Opioid Deaths Leap Up: No Solution in Sight

August 17, 2018—Once again, the Centers for Disease Control (CDC) has issued a report which should shake Americans to the core. On Aug. 15 the CDC issued a preliminary estimate that 72,000 people died of opioid overdoses in 2017, a figure which represents a 7 to 10% increase over 2016. The CDC added that its figure is undoubtedly an underestimate.

The CDC’s latest chart on the 2017 increase in drug overdose deaths.

The CDC report should be read in conjunction with a report issued the same day by the British Medical Journal (BMJ). The BMJ published a study showing that  ”during 1999-2016, all cause mortality in midlife increased not only among non-Hispanic (NH) whites but also among NH American Indians and Alaskan Natives. Although all cause mortality initially decreased among NH blacks, Hispanics, and NH Asians and Pacific Islanders, this trend ended in 2009-11. Drug overdoses were the leading cause of increased mortality in midlife in each population, but mortality also increased for alcohol related conditions, suicides, and organ diseases involving multiple body systems.”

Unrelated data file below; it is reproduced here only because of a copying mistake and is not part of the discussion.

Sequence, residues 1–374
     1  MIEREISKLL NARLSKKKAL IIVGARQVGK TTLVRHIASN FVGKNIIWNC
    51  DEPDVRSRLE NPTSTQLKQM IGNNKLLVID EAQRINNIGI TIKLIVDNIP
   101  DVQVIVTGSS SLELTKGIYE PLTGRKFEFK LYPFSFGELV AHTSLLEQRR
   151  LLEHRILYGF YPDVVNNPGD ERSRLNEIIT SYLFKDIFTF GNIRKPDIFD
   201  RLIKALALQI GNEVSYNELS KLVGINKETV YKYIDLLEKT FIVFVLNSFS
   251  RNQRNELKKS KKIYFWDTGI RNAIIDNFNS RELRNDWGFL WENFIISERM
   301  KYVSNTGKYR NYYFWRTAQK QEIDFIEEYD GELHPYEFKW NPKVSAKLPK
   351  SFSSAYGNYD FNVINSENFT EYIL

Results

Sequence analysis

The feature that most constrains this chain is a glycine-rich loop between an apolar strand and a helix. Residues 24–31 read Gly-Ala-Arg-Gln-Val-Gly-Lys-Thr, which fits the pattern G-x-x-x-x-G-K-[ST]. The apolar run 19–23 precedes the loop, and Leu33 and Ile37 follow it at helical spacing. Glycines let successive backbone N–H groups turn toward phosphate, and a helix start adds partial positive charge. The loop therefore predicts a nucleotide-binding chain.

“Midlife” is defined as between the ages of 25-64, prime working age. In fact, there are already a number of reports that the prevalence of opioid use is impacting the availability of skilled labor in certain areas of the U.S. economy.

In other words, despite an abundance of rhetoric about acting to stop the epidemic of “deaths of despair” which the opioid crisis represents, the United States is moving in the wrong direction. Minimal legislation aimed at mitigating the crisis, which was passed by the House of Representatives in June, is stalled in the U.S. Senate. Meanwhile, action to reverse the worsening trend by addressing the causes of the crisis is nowhere in sight.

A number of articles on this blog have directly addressed those causes, and we will not repeat their arguments here. Suffice it to say, in summary, that only a fundamental shift in the direction of the U.S. economy and goals, toward a positive national agenda similar to the Kennedy Space program, or the civilian equivalent of FDR’s World War II mobilization, can lift the spirits of the American population, and defeat the culture of death. Indeed, author and journalist Sam Quinones has presented an argument to this effect in testimony to the U.S. Senate.

Have we forgotten that an economy is fundamentally only as healthy as its population? Real economic prosperity, as understood by advocates of the American System tradition, depends upon the condition and productivity of its people, which in turn depend upon the Federal government’s commitment to improve infrastructure, living standards, and technological progress. Clearly, a growing fraction of the American population is showing by their actions that, positive macro-economic statistics aside, they are not experiencing progress.  They are killing themselves, and our country’s future.

In other words, unless there is a shift in economic policy toward the American System, all the lawsuits, local heroism, and police actions in the world will not stop this worsening disaster.

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